It could be quite some time before residents and citizens get to attend live City Council meetings in person, but a handful of staff and councilors were scheduled to be in City Hall Oct. 19. …
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It could be quite some time before residents and citizens get to attend live City Council meetings in person, but a handful of staff and councilors were scheduled to be in City Hall Oct. 19.
Councilors discussed their plans to reopen City Hall and as new state health data showed COVID-19 spiking in both Adams and Jefferson Counties.
Councilors said they were fine meeting in person Oct. 19, the first time they’d met in person since COVID-19 struck Colorado and the state declared a stay-at-home order in March.
But public attendance at the meetings is still off limits and City Hall remains mostly closed to the public.
“We opened City Hall (Oct. 12) to employees only as a first week’s step,” City Manager Don Tripp said.” We wanted to become acclimated by bringing some people back. We are doing it a 30 percent level, a level I am very comfortable with. It was a day of great apprehension for the people who came in the building. I greeted them as they came in and I talked to a number them as they came in. I think we will get used to that work and I think it will get better going forward.”
Most City Hall employees and citizens have grown accustomed to using virtual meeting software and social media, he said. He said he’s comfortable allowing some citizens to return and Assistant City Manager Barb Opie they’d like time to get staff acclimated before bringing residents in.
“What we had originally proposed was to come in next week and allow council and staff a few weeks to get comfortable with the protocols and make sure it’s working properly,” Opie said.
Tripp said councilors and citizens should expect to see a mix of virtual and live testimony at City Council meetings for quite some time, going forward.
“Some of the people that you might see from staff will not be able to risk being in the room, because have been told not to because of their own health conditions,” Tripp said.” We’ll have back-up people to serve you, but I’d ask you consider delaying for a bit and allow us to start slowly and allow us to have meetings with just you and the staff for a while.”
Reports from the Colorado Department of Public Health and Environment showed testing results of COVID-19 spiking in Adams County, especially the western portion that includes Westminster. As of Oct. 15 Adams County had a rate of 313 instances of COVID-19 for 100,000 people. That prompted Tri-County Health to issue a new public health order for the county, limiting indoor gatherings to no more than five people and outdoor gatherings to no more than ten.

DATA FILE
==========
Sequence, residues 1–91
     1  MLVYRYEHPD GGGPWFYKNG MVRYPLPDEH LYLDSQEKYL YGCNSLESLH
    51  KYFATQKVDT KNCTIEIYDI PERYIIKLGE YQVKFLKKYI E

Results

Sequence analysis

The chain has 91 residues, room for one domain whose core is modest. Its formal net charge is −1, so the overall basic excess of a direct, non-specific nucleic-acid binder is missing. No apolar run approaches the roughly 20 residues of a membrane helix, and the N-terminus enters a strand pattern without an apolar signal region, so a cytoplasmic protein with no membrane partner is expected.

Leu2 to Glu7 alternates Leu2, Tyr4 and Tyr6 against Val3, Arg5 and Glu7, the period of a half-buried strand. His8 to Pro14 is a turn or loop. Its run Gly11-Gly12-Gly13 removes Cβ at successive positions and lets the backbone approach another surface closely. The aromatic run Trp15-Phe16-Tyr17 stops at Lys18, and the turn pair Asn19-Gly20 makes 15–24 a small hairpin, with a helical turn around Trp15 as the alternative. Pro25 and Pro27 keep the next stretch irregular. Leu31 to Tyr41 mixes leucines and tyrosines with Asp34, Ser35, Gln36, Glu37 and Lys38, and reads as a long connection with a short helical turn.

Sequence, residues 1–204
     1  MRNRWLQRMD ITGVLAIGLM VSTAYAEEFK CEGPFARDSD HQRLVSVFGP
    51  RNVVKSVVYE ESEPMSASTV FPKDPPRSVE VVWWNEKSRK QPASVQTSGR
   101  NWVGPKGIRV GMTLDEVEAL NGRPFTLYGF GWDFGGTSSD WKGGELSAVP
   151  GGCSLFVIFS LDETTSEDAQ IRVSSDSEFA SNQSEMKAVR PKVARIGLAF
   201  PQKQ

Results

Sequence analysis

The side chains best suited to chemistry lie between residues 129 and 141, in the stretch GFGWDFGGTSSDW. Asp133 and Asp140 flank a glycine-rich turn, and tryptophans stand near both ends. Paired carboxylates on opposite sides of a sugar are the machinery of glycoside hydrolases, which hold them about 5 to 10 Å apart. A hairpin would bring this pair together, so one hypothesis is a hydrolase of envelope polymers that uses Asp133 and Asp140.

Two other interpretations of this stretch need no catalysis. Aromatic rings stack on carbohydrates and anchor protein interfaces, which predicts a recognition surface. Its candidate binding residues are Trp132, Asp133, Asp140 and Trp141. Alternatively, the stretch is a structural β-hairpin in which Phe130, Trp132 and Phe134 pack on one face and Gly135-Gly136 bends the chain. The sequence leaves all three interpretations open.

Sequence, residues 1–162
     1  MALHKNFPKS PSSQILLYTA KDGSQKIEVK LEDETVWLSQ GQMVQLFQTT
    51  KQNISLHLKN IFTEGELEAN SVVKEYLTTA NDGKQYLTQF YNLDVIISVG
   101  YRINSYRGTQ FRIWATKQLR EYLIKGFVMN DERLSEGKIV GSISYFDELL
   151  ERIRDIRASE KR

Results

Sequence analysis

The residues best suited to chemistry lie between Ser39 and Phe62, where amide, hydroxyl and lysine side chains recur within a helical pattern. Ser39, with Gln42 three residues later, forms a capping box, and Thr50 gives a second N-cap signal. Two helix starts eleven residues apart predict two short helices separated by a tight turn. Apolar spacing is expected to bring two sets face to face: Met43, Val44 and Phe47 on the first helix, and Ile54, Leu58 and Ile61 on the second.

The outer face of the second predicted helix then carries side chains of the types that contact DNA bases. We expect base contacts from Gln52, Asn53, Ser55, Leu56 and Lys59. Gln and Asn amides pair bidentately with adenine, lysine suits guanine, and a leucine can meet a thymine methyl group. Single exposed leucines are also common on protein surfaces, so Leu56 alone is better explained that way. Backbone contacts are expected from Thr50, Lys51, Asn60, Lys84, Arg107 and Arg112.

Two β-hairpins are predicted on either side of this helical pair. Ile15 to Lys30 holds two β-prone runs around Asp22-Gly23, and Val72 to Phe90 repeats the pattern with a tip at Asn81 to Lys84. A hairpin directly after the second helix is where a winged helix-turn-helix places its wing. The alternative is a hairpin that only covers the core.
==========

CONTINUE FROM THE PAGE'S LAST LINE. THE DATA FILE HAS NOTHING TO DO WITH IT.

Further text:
Mayor Herb Atchison said restrictions could be more severe if the numbers don’t decrease.
My concern is that we are seeing our numbers exponentially continue to go up,” Atchison said.” If we hit the 350 mark and stay their for two weeks, we are looking at the potential for a new stay at home order in Adams County, and that will affect us greatly.”
The city will comply with Adams County’s plan to blunt that spike, he said.
“This is not Westminster issue by itself,” Atchison said.” We are following the mandates coming down to us though the health departments, from the state. We don’t get to choose what we comply with. These are state mandates.”
When the city reopens meetings to the public, COVID-19 protocols will be the rule. Opie said resident temperatures will be checked before entering the building, the number of public attendees at any given time to 16 persons in the City Council Chambers and 16 persons in the City Hall lobby. They’ll be required to wear face coverings at all times.
The city is encouraging residents to participate virtually as as much as possible. That includes emailing comments to firstname.lastname@example.org, leaving a voice mail message for the City Council at 303 706-3111 or registering to speak via the city’s online platform by email to email@example.com. Whether it’s an email, voice mail or registering to speak, they must be completed by noon on the day of the meeting.
Councilor Anita Seitz challenged Westminster staff to allow residents to submit their own video comments to testify.
“I’m nervous that we won’t be able to accommodate the full amount of the public that wants to come in,” Seitz said.” I don’t want people to feel disenfranchised or unheard because they are frustrated with that.”
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